HBS: Third Essay Really An Email

by John A. Byrne on

Harvard Business School is telling MBA applicants worried about a new 24-hour deadline for a reflection on their admissions interview that the school is really looking for an email-not a highly polished 400-word essay.

Dee Leopold, managing director of admissions and financial aid at Harvard, acknowledged in a blog post on June 29th that her office is getting lots of questions over the recently announced changes to its MBA admission policies, the most significant since 2002 when HBS required interviews for all admitted candidates. “And your questions have actually been helpful as we put the finishing touches on this exercise,” she wrote.

Leopold said applicants who gain an interview with Harvard will have to answer a simple question: “You’ve just had your HBS interview. Tell us about it. How well did we get to know you?”

‘THINK OF THIS AS AN EMAIL YOU MIGHT WRITE AFTER A MEETING,’ ADVISES LEOPOLD

HBS has decided that it will not impose a word limit on the answer and will no longer consider it an essay. Added Leopold: “We think the instruction memo will look something like this: ‘This is not an essay. Think of this as an email you might write after a meeting. We will be much more generous in our reaction to typos and grammatical errors than we will be with pre-packaged responses.”

Leopold’s latest instructions also clearly communicate the school’s desire that applicants not use MBA admission consultants to draft or polish the response. “Emails that give any indication that they were produced BEFORE you had the interview will raise a flag for us. We do not expect you to solicit or receive any outside assistance with this exercise.”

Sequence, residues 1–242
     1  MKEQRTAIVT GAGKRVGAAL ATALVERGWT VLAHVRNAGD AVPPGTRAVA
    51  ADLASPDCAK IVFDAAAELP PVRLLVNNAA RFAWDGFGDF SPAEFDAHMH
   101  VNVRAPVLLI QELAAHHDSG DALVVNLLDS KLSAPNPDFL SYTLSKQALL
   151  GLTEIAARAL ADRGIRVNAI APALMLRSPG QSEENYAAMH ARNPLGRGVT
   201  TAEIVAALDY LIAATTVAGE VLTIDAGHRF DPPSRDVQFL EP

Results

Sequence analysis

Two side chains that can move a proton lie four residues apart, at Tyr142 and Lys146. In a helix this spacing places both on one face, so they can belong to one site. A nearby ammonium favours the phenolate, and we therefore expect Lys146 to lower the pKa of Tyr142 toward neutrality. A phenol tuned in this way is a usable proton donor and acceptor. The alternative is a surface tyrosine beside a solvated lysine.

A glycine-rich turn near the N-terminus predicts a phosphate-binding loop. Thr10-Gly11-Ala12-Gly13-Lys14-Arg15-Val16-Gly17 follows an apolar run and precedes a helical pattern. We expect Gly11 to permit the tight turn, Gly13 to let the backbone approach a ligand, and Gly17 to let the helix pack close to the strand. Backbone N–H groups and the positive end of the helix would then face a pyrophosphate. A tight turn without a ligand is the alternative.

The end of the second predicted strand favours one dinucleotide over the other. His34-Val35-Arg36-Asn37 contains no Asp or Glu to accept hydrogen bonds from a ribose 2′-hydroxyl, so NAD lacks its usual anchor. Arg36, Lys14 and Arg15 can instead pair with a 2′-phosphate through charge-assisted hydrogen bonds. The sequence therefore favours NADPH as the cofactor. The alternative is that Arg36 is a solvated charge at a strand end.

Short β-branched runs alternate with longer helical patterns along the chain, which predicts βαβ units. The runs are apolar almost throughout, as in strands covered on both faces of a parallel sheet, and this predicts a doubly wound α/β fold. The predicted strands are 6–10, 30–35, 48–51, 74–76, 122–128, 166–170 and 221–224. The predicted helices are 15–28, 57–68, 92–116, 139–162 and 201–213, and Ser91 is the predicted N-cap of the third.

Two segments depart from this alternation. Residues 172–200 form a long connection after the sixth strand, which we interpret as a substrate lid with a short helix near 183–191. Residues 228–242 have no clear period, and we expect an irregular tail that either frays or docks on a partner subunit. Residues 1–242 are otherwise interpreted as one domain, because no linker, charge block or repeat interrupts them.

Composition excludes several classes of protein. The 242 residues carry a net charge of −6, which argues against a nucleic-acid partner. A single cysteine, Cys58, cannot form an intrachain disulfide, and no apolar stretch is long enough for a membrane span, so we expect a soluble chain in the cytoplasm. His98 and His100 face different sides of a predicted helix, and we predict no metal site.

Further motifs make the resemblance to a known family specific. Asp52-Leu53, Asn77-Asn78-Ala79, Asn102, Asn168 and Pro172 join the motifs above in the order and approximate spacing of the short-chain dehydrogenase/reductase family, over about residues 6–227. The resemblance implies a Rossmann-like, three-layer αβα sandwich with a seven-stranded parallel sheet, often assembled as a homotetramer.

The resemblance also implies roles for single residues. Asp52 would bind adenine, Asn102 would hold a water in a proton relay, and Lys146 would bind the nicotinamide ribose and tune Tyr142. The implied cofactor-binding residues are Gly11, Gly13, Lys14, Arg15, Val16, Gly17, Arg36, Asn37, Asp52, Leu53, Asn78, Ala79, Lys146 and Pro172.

SOME CONSULTANTS HAD BEEN ADVISING CLIENTS TO DRAFT THE POST-INTERVIEW ESSAY EARLY

The warning comes amidst concern that some admission consultants were telling applicants to deliberately hold back some details in the first two essays required of a Harvard application so that they could prepare the third post-interview essay in advance and then tweak.

Leopold made clear that the school is not expecting another typical essay. “Here’s what we’re thinking: This is NOT another essay. We want your response to be much more like an email. Why? In the Real World, it is unlikely that you will be given months and months to craft essays of any sort. It just doesn’t happen. In the Real World, it is almost a sure thing that you will be asked to write emails summarizing meetings and giving your opinion in a short time frame. Since HBS tries to be as “close to practice” as possible, this shift from essays to more real time writing feels appropriate.

‘THERE IS NO FORMULA, NO TEMPLATE’

“I know this is hard to hear but this should NOT be a cause for anxiety. We want your genuine reaction to the interview experience. As is always the case in the Real World, this means there is no right answer to the question. There is no formula, no template. But, we can tell you what the WRONG approach is: to get lots of coaching and prepare the response in September for an interview in November. To have lots of people edit and tweak it. To avoid answering the question but instead jam in six more accomplishments or copy and paste an essay from another school. Please understand that we really do plan to be very generous and kind about typos and grammar. We’re not looking for a polished response.”

DON’T MISS: BEHIND HARVARD’S BIG ADMISSION CHANGES or DEE LEOPOLD’S HARVARD B-SCHOOL ADMISSION SLIDES

  • http://twitter.com/MasterAdmission Master Admissions

    Personally, I wouldn’t be so generous with typos and grammar. But the rest makes sense. Over-crafting and jamming more accomplishments will only make a reader wince.  I think in the real world, for an important, perhaps life-changing email, I would personally ask a trusted third-party (friend, mentor, or whomever) to look it over and give me honest feedback

  • http://www.paulsbodine.com/ Paulbodine

    Harvard Business School’s efforts to keep the admissions process honest, genuine, and spontaneous is both shrewd and commendable. However, by radically slashing the amount of space applicants have to really tell their stories (by limiting them to two 400-word essays) HBS makes applicant anxiety over the post-interview essay inevitable. It would be imprudent to say the least for applicants not to plan out possible responses (at least in broad strokes) to the post-interview essay beforehand, and then use their actual experience in the interview to decide what to actually submit after the interview. HBS has created the “anxiety” it’s now decrying by continuing to narrow applicants’ opportunities to tell their stories.  

    Paul Bodine, http://www.paulsbodine.com
    Great Applications for Business School

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